Wednesday, January 04, 2006

The Spirit of the Holidays

No greater magnifying glass can be found hovering over human behavior than the first couple weeks after the New Years. (Some would say that it stretches back to early December, but I'd like to harbor a little hope.)
How many people hold doors for others the week before Christmas, in the "spirit of the holidays", that cut people off in traffic January 2nd? Why do people use the holidays as a crutch for acting nice? "Hey, it's Christmas, so I'll do something for another human being that I normally wouldn't DREAM of doing."
I think there's a subliminal reason for this. Flow with me, people. When we were little kids, we were told to be good, or we'd get coal in our stockings. If we were good, we'd get presents from Santa... After all, he knows if we've been bad or good. This is what most of us hear when we were really little. This is before we're actually taught to be good to other people for goodness sake. (Yeah, I really need to quit quoting Santa's Comin to Town.)

Problem is - more folks teach goodness with Santa than goodness just because. How many idiots did we know growing up? How many of them have bred? Do you really think they'll "get it together" and break the ignorant chain? Last time I helped Some Guy move, I read an article in the City Paper about a couple who let their baby die, because they kept forgetting to feed it, and because they watered down the baby formula to stretch it out a little bit more. Point is, these folks are *not* breaking that chain, and are in fact, instilling the same (de)values into their kids' behavior. However - all of those kids heading down the wrong path were still taught to be good for Santa.


When the holidays come around, people that aren't normally good turn the cheek and hold doors for folks, let the other car pass, etc. because "it's the holidays", which is the adult way of saying "Santa's watching me." Even though they don't believe in Santa consciously, that response to the jolly stimulus with the beard is instilled in them very early, and thusly, hard to break.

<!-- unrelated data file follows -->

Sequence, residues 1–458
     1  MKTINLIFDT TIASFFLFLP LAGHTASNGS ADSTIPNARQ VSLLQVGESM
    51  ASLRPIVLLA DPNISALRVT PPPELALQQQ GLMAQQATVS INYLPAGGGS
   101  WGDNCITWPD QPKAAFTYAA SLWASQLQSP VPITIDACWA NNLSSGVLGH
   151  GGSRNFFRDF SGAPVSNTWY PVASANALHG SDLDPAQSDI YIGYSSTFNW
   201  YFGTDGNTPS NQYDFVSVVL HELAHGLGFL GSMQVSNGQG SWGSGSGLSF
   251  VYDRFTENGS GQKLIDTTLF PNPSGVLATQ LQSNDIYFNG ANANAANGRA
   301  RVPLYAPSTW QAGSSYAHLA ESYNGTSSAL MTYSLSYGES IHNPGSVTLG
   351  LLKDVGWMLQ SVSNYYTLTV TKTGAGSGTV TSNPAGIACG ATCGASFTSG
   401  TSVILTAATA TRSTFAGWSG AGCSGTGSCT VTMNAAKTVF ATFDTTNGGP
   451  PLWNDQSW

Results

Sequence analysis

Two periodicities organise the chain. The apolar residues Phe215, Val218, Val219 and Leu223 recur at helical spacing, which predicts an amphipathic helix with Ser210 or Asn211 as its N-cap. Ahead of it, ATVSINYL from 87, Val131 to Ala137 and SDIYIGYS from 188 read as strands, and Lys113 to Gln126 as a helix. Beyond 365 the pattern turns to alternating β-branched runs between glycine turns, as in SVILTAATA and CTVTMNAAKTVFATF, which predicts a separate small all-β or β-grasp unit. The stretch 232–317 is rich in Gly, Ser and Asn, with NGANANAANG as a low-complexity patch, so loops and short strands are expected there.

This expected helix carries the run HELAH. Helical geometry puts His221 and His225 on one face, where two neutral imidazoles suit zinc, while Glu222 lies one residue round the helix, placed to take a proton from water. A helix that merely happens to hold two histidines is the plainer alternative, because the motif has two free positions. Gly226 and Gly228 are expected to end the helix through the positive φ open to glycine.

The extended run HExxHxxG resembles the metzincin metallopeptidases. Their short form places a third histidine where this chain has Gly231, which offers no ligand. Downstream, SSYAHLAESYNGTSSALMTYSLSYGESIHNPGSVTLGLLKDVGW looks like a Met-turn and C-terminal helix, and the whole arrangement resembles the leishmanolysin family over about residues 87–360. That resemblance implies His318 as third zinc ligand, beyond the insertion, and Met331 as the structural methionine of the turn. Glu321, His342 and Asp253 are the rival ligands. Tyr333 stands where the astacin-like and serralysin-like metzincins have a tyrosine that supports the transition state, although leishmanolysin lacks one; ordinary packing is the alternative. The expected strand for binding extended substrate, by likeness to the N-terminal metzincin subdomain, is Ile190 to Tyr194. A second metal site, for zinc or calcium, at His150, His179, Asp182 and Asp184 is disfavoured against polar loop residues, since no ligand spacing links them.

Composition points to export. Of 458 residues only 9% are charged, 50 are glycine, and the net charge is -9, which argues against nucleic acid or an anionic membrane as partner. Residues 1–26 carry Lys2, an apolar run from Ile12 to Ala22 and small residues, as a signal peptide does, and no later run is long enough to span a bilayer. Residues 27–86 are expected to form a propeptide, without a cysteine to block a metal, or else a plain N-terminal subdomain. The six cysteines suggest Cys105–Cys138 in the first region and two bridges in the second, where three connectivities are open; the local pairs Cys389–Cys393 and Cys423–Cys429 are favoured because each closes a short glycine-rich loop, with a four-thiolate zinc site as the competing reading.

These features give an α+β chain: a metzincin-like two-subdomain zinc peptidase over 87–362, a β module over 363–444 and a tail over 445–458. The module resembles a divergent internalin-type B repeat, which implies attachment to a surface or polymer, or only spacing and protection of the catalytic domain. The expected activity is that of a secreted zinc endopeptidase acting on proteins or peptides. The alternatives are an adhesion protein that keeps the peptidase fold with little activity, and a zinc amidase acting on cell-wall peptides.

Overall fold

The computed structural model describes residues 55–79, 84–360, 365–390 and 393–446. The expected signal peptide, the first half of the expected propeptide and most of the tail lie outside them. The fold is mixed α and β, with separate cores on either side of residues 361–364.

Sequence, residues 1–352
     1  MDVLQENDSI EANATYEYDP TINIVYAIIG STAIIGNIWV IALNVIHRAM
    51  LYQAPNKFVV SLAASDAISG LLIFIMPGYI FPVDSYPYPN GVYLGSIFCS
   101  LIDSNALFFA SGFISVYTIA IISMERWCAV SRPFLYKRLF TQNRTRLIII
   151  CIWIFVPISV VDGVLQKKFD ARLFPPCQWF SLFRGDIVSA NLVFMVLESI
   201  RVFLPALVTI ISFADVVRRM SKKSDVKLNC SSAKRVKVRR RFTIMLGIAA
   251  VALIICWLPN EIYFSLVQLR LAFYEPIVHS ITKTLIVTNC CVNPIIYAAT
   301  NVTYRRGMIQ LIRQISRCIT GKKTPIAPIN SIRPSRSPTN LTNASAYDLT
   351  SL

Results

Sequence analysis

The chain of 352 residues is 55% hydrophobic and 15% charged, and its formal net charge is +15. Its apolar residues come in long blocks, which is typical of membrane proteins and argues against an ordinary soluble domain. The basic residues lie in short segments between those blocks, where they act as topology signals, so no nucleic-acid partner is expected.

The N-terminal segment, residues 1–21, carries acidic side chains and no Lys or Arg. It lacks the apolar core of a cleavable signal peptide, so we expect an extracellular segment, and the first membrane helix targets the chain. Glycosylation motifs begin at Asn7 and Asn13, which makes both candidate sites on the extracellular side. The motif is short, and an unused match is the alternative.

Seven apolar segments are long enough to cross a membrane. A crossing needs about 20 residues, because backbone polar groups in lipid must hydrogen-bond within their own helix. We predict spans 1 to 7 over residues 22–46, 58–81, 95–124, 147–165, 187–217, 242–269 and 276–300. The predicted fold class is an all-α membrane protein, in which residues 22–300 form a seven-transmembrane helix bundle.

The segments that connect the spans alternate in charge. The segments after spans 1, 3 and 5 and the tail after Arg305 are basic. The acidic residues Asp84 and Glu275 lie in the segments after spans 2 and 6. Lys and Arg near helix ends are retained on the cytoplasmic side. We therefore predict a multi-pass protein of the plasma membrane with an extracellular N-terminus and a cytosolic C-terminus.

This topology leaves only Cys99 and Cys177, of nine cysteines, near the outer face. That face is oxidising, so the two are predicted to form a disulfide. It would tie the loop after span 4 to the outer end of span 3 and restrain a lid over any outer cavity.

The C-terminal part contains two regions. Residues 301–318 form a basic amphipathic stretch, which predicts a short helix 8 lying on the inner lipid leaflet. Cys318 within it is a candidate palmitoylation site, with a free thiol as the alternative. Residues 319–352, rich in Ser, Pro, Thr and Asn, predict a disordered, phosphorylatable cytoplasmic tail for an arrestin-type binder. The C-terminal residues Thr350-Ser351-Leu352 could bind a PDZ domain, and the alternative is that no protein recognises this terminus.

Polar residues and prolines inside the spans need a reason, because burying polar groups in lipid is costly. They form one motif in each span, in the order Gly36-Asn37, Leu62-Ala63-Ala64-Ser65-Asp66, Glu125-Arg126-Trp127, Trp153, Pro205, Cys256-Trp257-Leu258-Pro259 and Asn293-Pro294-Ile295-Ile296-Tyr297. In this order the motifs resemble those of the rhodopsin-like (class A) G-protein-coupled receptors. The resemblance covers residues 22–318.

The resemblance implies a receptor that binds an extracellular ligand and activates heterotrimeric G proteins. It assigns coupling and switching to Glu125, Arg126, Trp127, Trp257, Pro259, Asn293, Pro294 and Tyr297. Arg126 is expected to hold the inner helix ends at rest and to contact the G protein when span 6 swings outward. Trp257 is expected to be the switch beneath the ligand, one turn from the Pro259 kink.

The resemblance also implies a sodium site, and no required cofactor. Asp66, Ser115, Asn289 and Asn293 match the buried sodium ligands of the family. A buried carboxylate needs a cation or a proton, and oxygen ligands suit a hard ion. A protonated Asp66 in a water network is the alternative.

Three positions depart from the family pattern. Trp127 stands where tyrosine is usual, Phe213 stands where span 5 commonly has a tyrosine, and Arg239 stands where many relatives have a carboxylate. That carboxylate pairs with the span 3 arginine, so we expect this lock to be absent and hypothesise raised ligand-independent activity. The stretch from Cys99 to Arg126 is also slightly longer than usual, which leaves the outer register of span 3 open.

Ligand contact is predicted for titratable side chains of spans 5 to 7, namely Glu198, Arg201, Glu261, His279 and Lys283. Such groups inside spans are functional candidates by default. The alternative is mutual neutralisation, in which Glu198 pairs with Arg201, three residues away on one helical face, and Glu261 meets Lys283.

Then, from the 26th until New Year's Eve, people are filled with hope for "resolutions" on how they're going to improve their behavior over the next year. As if somehow, January 1st fills us with a new level of resolve. In reality, this is just people putting off the task of bettering themselves. I made a resolution to lose weight. I didn't make it last Saturday night. I made it three months ago, when I said "enough is enough", and my sweetheart expressed her concern. I've already lost 18 pounds, and I have 22 to go. My point is, every day is a new opportunity to make a resolution to improve yourself. Not waiting for the new year, or after you graduate high school, or when you get married, or as soon as you get pregnant, or some other *made up* deadline that just gives you more time to do what you naturally do, and ignore the fact that you're not doing what you think you should. This is why most New Year's resolutions have a two-week shelf life - because in fact, January 1st does *not* fill us with a resolve that wasn't there the day before. People with a natural reservoir of resolve have what it takes to stick it out, even when it gets hard. Anything you want to do that's worth something is going to be hard to do, or you wouldn't need a resolution, you'd do it already. Or did I miss folks saying, "This year I resolve to eat more chocolate, do my duty to support the cigarette economy by buying a carton a week, and see how long I can fool my wife into thinking I'm faithful."

Which brings me to my original point.

What would you do if you knew that you'd be the last person someone talked to before they died? More likely than not, the two of you wouldn't know each other. What would you do? You are the last piece of human contact this person will ever receive in this life. Would you send them off right? "Have a great day!", "Let me get that for you!", "Thank you so much!" Of course, we don't know when that situation will happen to us. Keep in mind that it happens every *second* of every day. It might happen to you, and you might never know it. It probably already happened to some of you. And some of you probably dropped the ball.